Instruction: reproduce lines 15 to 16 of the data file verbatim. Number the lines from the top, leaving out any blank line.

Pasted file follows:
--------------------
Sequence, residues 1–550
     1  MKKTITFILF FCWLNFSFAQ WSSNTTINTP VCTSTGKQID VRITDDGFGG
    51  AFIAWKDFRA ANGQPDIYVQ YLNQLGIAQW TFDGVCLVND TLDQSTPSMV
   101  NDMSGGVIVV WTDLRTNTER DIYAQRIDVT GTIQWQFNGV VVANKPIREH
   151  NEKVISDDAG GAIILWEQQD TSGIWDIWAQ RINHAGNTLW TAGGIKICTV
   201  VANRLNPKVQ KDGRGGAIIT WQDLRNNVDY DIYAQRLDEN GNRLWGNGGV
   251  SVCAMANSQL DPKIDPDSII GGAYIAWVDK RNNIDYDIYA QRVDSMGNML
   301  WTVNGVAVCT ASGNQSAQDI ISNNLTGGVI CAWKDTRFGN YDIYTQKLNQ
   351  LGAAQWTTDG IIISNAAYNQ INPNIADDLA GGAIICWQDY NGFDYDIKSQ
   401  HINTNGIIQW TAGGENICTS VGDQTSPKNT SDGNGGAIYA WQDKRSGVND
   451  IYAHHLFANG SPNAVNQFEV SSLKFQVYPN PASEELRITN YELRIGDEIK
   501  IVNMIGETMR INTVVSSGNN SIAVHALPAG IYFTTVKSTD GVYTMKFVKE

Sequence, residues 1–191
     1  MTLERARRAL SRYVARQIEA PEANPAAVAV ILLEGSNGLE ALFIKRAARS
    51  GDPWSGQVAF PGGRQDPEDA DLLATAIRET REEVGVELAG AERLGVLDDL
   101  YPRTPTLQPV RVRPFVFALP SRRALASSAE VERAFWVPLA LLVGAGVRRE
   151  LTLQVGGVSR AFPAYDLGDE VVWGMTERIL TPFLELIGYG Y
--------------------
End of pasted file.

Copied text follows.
    51  GDPWSGQVAF PGGRQDPEDA DLLATAIRET REEVGVELAG AERLGVLDDL
   101  YPRTPTLQPV RVRPFVFALP SRRALASSAE VERAFWVPLA LLVGAGVRRE